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Karl,

Great job so far. Keep us posted.

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Old 06-10-2003, 06:01 AM   #6 (permalink)
 
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Looks awesome so far.
How tall is the stand going to be?

James Hoftiezer

Tank Journal - Aquascape ( Latest / Archive )
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Old 06-10-2003, 06:29 AM   #7 (permalink)
 
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James,

The current dimension are as follows:
64" wide
29" deep
41" tall

Once all is said and done, I expect it to be about 41.5" high. I wanted to keep the stand in the 40"-41" range. I messed up the math somewhere.

I should have some more pics up on Thrusday, I hope. I'll either start the canopy frame or just work more on the base. Today, I'll be getting more supplies.

Jay,
Thanks

......... Off to AH supply Time to order some lighting!
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Old 06-10-2003, 07:32 AM   #8 (permalink)
 
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I assume that Kherman has looked at the ramifications of his design and is happy with them, but for the sake of others who are reading I thought I'd point out a couple details.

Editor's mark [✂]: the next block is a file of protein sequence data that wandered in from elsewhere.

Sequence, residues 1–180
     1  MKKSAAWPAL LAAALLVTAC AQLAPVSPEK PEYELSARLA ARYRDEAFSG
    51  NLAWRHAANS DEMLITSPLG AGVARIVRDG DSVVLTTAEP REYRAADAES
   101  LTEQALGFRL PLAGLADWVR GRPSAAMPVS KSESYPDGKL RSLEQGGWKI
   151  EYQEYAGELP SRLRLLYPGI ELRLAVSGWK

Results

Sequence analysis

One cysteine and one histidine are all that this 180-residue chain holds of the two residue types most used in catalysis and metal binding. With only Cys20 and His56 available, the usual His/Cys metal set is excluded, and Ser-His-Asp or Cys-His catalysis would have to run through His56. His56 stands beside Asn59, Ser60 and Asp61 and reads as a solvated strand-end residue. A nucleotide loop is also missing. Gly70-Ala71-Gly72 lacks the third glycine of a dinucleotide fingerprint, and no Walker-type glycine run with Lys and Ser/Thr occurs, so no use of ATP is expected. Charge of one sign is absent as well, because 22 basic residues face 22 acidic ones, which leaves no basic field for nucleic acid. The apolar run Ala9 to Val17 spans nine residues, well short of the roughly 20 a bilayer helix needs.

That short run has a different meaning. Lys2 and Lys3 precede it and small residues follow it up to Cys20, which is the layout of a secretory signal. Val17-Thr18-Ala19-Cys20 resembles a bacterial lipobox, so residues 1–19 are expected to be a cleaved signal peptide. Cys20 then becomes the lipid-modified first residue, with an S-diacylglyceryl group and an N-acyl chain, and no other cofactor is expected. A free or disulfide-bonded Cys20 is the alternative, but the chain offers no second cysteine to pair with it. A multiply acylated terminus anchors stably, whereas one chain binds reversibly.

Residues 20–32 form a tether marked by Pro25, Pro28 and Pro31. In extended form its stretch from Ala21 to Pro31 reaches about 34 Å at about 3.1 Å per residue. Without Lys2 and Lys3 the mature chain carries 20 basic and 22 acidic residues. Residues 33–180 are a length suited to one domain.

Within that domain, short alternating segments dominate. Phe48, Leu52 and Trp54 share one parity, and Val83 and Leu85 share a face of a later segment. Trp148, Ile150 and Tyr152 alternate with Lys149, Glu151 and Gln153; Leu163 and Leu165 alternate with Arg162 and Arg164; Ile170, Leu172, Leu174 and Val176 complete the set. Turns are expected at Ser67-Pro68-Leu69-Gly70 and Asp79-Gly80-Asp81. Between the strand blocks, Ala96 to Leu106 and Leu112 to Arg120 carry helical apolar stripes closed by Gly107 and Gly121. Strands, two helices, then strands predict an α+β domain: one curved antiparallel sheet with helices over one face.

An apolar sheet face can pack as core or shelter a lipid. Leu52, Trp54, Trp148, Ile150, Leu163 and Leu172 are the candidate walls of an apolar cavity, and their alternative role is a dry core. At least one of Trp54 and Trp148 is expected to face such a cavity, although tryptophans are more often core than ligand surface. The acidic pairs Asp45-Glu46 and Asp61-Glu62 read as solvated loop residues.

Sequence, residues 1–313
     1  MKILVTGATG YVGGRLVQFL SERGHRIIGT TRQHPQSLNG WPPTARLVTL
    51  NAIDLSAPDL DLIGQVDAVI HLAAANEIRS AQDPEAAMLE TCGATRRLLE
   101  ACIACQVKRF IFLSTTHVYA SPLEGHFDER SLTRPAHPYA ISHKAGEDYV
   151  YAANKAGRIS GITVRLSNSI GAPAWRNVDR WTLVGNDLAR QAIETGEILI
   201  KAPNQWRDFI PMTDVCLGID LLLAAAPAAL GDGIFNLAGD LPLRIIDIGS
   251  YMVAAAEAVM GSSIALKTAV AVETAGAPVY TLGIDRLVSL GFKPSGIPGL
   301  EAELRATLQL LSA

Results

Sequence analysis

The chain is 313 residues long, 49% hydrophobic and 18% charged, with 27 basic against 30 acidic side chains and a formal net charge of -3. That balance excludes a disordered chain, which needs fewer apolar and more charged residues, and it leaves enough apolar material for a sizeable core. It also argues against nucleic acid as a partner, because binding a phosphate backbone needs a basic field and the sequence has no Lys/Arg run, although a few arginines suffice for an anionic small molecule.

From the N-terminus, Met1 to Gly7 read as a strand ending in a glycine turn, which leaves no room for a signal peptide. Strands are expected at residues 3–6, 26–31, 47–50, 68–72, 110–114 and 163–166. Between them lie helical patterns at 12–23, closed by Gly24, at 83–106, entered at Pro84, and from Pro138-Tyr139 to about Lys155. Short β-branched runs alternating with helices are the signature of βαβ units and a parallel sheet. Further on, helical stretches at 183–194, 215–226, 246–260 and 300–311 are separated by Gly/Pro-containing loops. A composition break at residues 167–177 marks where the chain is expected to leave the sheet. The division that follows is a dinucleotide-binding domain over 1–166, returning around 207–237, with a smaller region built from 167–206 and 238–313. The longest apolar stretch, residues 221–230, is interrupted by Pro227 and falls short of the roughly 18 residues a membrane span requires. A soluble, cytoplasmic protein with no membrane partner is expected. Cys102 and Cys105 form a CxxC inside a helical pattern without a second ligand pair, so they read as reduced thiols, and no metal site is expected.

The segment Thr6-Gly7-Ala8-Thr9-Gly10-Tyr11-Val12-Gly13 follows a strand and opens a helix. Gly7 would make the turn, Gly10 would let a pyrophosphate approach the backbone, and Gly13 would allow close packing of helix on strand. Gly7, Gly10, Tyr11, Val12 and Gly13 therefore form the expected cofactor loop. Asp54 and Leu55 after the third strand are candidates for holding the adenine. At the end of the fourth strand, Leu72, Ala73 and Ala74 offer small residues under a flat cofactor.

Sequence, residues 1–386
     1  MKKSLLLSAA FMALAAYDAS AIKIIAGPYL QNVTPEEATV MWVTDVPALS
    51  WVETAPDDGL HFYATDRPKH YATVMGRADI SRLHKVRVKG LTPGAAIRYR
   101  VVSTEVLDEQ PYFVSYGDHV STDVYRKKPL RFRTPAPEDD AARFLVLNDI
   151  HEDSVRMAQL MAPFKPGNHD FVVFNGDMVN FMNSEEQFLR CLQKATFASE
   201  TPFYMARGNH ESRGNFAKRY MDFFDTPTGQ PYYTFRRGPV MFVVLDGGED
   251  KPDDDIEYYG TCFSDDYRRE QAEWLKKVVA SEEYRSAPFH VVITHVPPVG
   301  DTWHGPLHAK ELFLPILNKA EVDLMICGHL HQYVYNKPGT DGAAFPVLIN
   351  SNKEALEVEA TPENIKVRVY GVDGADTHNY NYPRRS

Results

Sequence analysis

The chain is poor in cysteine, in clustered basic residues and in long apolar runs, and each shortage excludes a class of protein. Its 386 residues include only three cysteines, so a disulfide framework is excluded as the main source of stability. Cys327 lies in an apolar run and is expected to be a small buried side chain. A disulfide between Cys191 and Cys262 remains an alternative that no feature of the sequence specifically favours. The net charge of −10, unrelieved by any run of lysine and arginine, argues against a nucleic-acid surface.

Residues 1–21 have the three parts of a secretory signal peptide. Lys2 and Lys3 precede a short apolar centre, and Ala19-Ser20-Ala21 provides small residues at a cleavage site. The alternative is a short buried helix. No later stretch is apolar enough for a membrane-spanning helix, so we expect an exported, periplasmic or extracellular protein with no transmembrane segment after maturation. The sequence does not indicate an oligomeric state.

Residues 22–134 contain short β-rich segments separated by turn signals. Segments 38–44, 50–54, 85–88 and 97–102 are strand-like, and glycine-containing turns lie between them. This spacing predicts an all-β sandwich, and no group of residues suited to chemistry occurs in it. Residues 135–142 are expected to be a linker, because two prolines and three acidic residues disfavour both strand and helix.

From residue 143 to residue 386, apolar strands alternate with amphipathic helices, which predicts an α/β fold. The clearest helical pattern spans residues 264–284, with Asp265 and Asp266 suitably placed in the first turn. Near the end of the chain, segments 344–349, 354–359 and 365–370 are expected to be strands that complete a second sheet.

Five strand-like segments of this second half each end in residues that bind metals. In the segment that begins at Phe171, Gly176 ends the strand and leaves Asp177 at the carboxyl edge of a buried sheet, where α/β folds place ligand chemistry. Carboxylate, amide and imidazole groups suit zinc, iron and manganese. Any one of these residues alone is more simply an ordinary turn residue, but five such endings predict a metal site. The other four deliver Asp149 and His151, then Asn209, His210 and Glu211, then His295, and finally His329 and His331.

The stand is 40+ inches tall. I'm not sure what size tank is going on the stand. Any tank over 20" high will have it's top rim 5 feet off the ground. Unless you're seven feet tall you will probably need a ladder to do maintenance on the tank.

Normal glass aquariums with frames support their weight on the frame. The frame extends some distance below the bottom glass. Normally the bottom glass is not supported from below. In fact, any upward pressure on the bottom glass must be avoided because that would tend to break the bottom seals. A solid top like Kherman is using is good for bracing the stand, but it does not and should not support the bottom of the tank. Acrylic tanks and (I assume) frameless glass tanks would be different.


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Old 06-10-2003, 07:58 AM   #9 (permalink)